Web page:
Beneath the Deserted Village floors, resting immediately above deposits that were securely dated to the Late Phrygian, or Achaemenid, period (ca. 540–330 B.C.), was an outside surface covered with pits and postholes that seemed to represent the earliest Galatian occupation. Scattered across this outside work area were many basin-shaped hearths of a type not found in earlier levels, and one of these hearths was filled with burned horse bones. In a paved area, plain flat stones surrounded a larger rectangular block with a roughly cut hole in its center. When the sides of this block were exposed, we found that it was sculpted with two lions and was a statue base of a type commonly used to support images of the gods in the Greek world, another example of reuse reflecting a change in values.
Recent excavation in the northwest zone of the Citadel Mound has documented a discontinuity in architecture between the early Hellenistic and Galatian settlements. Among the things that changed were construction techniques, house plans, and orientation of the walls. Changes in the form of hearths and ovens, as well as in the tools used to process food and produce cloth, suggest a profound difference in the activities carried out by women within Early and Late Hellenistic households. On this basis we can argue that the immigrants included not only mercenaries, but also their families.
As suggested by Young’s use of the word “village’ to describe Galatian Gordion, his excavation found little evidence of wealthy or powerful members of the community. This gap in our knowledge has been closed by our work in the northwest zone, which uncovered a large building built of stone blocks, or ashlars, with a tile roof. Adjacent to this monumental structure, which may have had a political and/or religious function, were a workshop used by potters and figurine makers and an open area used by metalworkers. During the first phase of the Galatian occupation this complex was separated from the rest of the settlement by a 2-meter-thick wall. The elite complex provides physical evidence for Livy’s description of the site as a trading or market center and perhaps accounts for his use of the term oppidum, or “walled settlement,’to describe Gordion.
There is now convincing evidence from two distant parts of the settlement for a migration during the Hellenistic period at Gordion. That at least some of these immigrants were European Celts is suggested by historical sources, by a Celtic name (Kant[x]uix) on an inscription from Young’s The date of the Galatian migration is less certain, but no later than the mid-third century, as suggested by Frederick Winter and others. More startling is new data on the length of the occupation. A third Late Hellenistic construction phase is now well documented by excavations in 2001–2002 showing that the site was reoccupied soon after Vulso’s raid. That the subsequent Hellenistic inhabitants were returning Galatians rather than newcomers is suggested by a rebuilding of walls within the Deserted Village and continuity in the kinds of activities carried out in outside areas. From this final Hellenistic occupation came the first example of a fibula (garment pin) from Gordion found lasts summer, with European or La Tine ornamentation characteristic of Celtic design. The ornament is made of iron wire and has not yet been fully conserved and restored, but the identification made by Celtic scholar Gareth Darbyshire seems certain.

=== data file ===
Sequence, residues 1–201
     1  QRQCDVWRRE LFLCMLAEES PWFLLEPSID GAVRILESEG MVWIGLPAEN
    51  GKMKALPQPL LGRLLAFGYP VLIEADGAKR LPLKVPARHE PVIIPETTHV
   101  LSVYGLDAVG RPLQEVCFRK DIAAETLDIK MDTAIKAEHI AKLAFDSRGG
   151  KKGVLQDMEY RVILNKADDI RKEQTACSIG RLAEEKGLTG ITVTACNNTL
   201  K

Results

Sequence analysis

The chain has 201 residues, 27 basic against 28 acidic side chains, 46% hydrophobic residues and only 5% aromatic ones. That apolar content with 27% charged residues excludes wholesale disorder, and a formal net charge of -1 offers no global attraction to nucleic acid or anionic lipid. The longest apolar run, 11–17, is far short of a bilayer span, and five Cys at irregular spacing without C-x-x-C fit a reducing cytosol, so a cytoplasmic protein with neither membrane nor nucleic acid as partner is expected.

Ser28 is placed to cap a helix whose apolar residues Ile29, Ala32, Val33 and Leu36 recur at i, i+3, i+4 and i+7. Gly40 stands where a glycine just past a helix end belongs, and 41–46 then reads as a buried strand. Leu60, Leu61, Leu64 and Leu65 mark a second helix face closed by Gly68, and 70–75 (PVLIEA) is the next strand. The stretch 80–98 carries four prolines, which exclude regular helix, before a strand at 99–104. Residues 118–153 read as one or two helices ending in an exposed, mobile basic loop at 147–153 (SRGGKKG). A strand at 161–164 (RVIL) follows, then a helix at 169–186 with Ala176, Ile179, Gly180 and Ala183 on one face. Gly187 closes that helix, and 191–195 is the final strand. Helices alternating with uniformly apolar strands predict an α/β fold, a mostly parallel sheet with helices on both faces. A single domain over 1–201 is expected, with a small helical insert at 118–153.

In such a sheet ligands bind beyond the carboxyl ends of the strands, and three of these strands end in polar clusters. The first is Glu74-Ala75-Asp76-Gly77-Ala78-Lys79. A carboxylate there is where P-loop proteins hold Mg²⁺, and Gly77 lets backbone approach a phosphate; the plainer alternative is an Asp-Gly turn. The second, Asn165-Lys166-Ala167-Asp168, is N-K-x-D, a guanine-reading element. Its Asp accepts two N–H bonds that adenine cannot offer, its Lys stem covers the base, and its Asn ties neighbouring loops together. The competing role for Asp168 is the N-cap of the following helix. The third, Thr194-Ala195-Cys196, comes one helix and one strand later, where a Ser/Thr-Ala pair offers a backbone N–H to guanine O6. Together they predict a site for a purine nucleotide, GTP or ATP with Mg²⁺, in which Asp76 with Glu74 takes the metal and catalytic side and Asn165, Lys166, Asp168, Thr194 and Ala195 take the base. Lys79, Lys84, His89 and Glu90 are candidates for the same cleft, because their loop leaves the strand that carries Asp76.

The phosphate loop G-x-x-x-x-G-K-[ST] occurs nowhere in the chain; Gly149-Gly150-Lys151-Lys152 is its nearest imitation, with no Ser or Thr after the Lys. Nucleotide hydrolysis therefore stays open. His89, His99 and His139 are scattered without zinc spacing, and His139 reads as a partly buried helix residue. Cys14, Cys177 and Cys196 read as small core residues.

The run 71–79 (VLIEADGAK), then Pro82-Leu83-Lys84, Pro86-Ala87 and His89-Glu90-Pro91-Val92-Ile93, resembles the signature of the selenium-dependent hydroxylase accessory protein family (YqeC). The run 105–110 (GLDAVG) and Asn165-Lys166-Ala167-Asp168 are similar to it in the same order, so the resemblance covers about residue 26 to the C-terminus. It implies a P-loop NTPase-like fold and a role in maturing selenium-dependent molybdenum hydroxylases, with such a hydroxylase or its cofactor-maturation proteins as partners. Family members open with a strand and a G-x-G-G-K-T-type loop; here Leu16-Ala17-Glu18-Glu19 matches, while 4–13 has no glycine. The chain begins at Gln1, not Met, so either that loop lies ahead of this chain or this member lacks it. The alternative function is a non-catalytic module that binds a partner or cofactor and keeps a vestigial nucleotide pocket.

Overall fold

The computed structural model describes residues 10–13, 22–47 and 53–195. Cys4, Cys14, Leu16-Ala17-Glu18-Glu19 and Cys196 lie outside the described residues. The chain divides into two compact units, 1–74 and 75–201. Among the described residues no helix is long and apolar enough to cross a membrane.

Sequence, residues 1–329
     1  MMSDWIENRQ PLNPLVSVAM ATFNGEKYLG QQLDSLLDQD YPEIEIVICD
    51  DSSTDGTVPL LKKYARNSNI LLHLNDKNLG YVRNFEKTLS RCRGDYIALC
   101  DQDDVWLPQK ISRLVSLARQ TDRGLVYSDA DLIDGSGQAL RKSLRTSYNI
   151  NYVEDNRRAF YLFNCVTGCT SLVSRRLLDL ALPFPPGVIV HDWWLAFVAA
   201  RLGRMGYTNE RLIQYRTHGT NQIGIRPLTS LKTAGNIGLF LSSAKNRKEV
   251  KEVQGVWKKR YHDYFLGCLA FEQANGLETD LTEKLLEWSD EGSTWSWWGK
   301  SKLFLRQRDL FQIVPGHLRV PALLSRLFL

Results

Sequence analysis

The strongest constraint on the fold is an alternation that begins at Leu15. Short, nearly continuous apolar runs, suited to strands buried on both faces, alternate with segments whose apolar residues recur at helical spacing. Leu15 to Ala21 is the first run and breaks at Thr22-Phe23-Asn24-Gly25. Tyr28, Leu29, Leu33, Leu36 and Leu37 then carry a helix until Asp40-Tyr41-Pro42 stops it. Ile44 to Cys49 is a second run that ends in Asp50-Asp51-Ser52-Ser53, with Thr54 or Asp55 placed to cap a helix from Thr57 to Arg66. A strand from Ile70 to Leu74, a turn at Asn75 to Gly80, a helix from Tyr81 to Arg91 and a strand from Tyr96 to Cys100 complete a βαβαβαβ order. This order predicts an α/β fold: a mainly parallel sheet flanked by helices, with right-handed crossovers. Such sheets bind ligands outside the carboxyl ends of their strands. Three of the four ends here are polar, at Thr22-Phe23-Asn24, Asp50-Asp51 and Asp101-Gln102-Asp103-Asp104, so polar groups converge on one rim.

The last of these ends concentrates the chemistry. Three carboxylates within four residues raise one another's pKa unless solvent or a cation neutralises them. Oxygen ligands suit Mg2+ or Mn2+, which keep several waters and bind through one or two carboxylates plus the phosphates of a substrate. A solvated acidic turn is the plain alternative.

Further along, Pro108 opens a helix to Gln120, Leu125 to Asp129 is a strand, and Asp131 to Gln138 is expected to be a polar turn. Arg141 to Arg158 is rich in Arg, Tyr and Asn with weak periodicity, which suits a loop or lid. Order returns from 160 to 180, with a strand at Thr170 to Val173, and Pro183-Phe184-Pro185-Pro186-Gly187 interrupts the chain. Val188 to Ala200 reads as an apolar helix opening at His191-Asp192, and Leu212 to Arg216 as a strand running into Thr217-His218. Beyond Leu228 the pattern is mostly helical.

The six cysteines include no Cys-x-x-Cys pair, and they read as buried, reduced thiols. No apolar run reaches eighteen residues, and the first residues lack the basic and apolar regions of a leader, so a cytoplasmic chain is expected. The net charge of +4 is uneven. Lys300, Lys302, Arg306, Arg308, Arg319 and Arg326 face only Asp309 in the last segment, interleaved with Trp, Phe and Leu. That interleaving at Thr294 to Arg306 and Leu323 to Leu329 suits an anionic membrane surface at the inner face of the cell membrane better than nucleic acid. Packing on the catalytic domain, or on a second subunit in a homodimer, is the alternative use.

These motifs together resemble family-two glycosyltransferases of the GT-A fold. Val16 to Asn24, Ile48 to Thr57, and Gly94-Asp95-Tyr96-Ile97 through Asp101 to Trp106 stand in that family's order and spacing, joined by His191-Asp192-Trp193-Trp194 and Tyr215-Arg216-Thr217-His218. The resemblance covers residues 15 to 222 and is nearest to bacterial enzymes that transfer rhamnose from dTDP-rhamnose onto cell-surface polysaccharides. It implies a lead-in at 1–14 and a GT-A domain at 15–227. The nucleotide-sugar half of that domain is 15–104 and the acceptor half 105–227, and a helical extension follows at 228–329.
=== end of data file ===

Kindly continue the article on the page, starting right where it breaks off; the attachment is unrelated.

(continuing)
The Galatians in a Broader Cultural Context
The problems involved in relying on texts written about nonliterate societies by dominant literate societies have been excavation, and by new finds. In a recent article in Archaeology magazine, which I wrote with Jeremiah Dandoy and Page Selinsky, we described deposits of human and animal bone in Gordion’s Lower Town. This find provides evidence for rituals also practiced by European Celts: headhunting, caching of mixed human and animal bone, and human sacrifice by hanging or garrotting, discussed for decades by archaeologists studying Celtic societies in Europe. Historians and art historians as well as archaeologists have stressed the necessity of looking at material culture and the archaeological record in conjunction with, and as a balance to, texts. Over the past decade a similar process has occurred with respect to the Anatolian Celts or Galatians, with new syntheses of the evidence developed by scholars such as Steven Mitchell, Karl Stroebel, Gareth Darbyshire, and Levent Vardar. But their work has been hampered by the small available sample of archaeological data.
Significant differences in the historical context of the Celts in Europe and Anatolia change the nature of the questions that must be asked and the archaeological data needed to provide answers. First, the Galatians represent immigrants rather than a people indigenous to Anatolia. A fully documented sequence of occupation over large areas of the settlement is needed in order to document patterns of continuity and change and relate them to processes such as the adaptation of immigrant farmers and herders to a new environment, or the use of material culture to symbolize a Celtic identity distinct from that of the indigenous population.